The biggest topics of conversation in the property market this month are negative gearing and how this impacts on the property market, and real national home values in relation to their peak prices. Let’s look at both of these topics now.
Negative gearing, in its simplest form, enables property investors to deduct any losses incurred by their investment property from their taxable income. These losses typically include any mortgage and maintenance costs.
Way back in September of 1985, and again in 1987, laws that related to negative gearing were changed. Negative geared interest expenses were restricted by the government with investors only able to claim interest expenses on rental income, and not on other income. These changes saw a rent rise occur in capital cities by 21.8 percent over 1985 to 1987.
Over this time, increases in rent were most pronounced in Sydney at 26.1 percent, whereas rental rises in Sydney during the two years prior to the changes in law was just 17 percent. Thus, rental growth was substantially more after the changes were introduced. Another change that was noted after the introduction of the new negative gearing laws was the number of investment loans that were taken out. According to the Australian Bureau of Statistics (ABS), after September of 1987, investment loans jumped by 41.5 percent.
Today, those in favour of changing or removing negative gearing laws say that this, should occur because housing is an unproductive asset, and the government can save by abolishing these laws. But, is this truly the case? Let’s look at the data.
While the majority of Australians own or are purchasing their own home, approximately 30 percent of Australians rent. Therefore, if investors don’t purchase homes as assets, for rent, then the government will be responsible for providing these residents with shelter. This, in turn, will mean that the costs of housing will become taxpayer responsibility.
According to the ABS, between July 1983 and October 2012, 4,355,266 dwellings were approved in the private sector, whereas only 228,843 were approved in the public sector. Therefore, over the last 29-years only 5 percent of dwelling approvals have been public.
In the last census, conducted in October 2012, of the homes occupied 29.6 percent were rental investment properties. Based on this, it could be said that without private sector investment that 29.6 percent of dwelling approvals would have to be covered by the public sector in order to provide enough rental accommodation. Over 12-months this would equate to 43,684 dwelling approvals. Now if we consider that today’s nationwide median home price is $386,000, then it would cost the government $16,861,900,480 to buy these properties. Of course, this figure includes the purchase of land as well as the home, so if the government use their own land, then this cost would be less.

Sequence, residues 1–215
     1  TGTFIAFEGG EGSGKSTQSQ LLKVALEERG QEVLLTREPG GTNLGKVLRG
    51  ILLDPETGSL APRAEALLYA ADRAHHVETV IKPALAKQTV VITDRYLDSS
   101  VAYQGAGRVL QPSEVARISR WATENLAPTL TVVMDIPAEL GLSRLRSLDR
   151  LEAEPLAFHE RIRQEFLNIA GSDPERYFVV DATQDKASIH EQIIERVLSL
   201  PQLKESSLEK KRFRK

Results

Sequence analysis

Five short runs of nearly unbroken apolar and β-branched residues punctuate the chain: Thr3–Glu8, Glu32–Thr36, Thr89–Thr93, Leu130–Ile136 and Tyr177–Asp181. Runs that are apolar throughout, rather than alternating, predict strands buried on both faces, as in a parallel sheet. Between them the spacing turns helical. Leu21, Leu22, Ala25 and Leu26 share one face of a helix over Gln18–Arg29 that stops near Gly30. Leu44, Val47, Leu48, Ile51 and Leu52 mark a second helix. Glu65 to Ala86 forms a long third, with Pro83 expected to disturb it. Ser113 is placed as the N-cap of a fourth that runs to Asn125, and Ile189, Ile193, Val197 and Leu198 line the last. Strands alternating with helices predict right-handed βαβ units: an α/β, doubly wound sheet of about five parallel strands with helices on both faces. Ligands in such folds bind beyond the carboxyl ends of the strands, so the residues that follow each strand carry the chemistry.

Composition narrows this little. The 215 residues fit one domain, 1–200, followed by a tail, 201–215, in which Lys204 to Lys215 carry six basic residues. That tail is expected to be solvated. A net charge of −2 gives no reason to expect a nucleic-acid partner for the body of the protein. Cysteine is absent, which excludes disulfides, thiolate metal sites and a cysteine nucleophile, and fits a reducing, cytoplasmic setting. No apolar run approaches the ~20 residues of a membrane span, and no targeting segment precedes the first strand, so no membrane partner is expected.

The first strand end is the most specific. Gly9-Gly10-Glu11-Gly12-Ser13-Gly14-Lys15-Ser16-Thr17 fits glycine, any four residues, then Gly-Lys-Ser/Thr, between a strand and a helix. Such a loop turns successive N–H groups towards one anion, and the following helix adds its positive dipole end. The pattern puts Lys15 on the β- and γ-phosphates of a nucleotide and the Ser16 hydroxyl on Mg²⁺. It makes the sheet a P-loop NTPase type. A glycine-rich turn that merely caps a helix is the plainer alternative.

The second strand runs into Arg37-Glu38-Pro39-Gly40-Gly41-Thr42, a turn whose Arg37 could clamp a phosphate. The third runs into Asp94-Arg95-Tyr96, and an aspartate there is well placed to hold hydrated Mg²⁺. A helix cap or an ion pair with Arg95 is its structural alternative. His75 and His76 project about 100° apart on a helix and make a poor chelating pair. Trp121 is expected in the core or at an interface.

During the 2009-10 financial year, negative gearing deductions totalled $4.8 billion. Based on the figures used previously, for the government to break even they would have to build those 43,684 dwellings for $110,000 each. But if the cost of $386,000 per home is accurate, then the government would only be able to build 12,461 homes or just 8.4 percent of the total public sector home building approvals made over the last 12-months.
In conclusion, it can be said that if the nation relied solely on public housing to provide homes for those Australians who rent then there would be a significant shortfall in public housing. Plus, the costs of public housing is significantly higher than what the government is currently paying in negative gearing benefits. Therefore, these factors make it highly unlikely that negative gearing will be removed as many are suggesting.
The Consumer Price Index (CPI) or inflation data was recently released by the ABS for June 2015 quarter. The rate of CPI was 0.7 percent over the quarter and was 1.5 percent for the year to June 2015. In comparison, home values in capital cities rose by 9.8 percent over 12-months to June 2015. Current data indicates that growth in Sydney and Melbourne is significantly higher than the current rate of inflation, whereas other capital cities are growing just above the rate of inflation, or are falling below it.
According to CoreLogic RP Data, over the last 5-years, real home growth values in Sydney were 4.5 percent per annum (pa), Melbourne 0.9 percent pa, Brisbane -2.4 percent pa, Hobart -3.5 percent pa, and Darwin -3.2 percent pa.
Over the past decade, Hobart is the only city to have recorded ongoing losses of -1 percent pa, whereas real rises have been recorded in other capital cities:
• Adelaide 1 percent pa.
• Brisbane 0.9 percent pa.
• Canberra 1.2 pa.
• Darwin 4 percent pa.
• Melbourne percent 3.8 pa.
• Perth 2.8 percent pa.
• Sydney 2.6 percent pa.
Another way to look at real value growth in home prices is to look at the quarter in the year when homes prices peaked, and to then see where these home prices sit in today’s market in relation to that peak.
|Nationwide Real Value Growth in Home Prices|
|City||Year of Peak||Today’s Market Price compared to peak as %|
|Melbourne||September 2010||+1.8 / bottomed at -14.5|
|Brisbane||March 2005||-13 / bottomed at -17.8|
|Adelaide||June 2010||-8 / bottomed at -11.8|
|Perth||September 2007||-12 / bottomed at -16.2|
|Hobart||December 2007||-19.3 / bottomed at -21.7|
|Darwin||September 2010||-17.8 / bottomed at -20.5|
|Canberra||June 2010||-7.2 / bottomed at -10.6|
Source: CoreLogic RP Data
Based on this data, housing bubbles are clearly being witnessed in Sydney and Melbourne. Other markets have hit their bottoms, and are being to regain momentum.
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